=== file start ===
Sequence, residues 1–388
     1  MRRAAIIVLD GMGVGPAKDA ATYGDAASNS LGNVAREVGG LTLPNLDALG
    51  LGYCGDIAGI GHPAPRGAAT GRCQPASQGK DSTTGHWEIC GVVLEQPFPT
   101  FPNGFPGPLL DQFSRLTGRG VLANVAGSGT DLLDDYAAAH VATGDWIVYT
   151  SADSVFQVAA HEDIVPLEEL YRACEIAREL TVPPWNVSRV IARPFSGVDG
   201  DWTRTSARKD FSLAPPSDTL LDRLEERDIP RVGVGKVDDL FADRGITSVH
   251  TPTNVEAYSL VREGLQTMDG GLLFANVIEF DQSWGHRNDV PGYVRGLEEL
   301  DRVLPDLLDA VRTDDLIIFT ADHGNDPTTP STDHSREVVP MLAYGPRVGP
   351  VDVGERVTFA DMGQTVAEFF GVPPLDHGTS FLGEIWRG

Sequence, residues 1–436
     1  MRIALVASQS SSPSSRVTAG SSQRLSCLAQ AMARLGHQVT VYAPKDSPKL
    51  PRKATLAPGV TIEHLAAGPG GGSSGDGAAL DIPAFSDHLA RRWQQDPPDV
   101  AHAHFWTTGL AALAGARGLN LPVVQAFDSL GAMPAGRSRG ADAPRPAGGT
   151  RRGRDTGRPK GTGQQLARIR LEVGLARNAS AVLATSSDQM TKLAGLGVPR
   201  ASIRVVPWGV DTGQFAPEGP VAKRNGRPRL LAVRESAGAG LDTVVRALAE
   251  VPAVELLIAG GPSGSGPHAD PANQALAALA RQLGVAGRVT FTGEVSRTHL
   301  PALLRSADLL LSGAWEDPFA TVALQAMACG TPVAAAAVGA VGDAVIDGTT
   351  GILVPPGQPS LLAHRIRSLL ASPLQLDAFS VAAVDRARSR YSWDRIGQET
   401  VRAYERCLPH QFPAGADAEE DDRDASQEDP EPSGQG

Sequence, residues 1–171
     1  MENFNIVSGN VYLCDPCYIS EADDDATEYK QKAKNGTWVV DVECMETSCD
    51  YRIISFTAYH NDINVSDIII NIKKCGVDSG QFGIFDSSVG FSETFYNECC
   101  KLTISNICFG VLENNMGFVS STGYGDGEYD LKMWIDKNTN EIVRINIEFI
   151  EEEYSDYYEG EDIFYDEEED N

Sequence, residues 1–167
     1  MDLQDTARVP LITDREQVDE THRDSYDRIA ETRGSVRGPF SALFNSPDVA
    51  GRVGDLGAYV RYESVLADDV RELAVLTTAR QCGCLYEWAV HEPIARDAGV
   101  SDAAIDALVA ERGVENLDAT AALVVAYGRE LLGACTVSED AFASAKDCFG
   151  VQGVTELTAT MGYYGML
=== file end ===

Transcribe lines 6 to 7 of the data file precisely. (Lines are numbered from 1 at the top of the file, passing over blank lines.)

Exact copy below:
   201  DWTRTSARKD FSLAPPSDTL LDRLEERDIP RVGVGKVDDL FADRGITSVH
   251  TPTNVEAYSL VREGLQTMDG GLLFANVIEF DQSWGHRNDV PGYVRGLEEL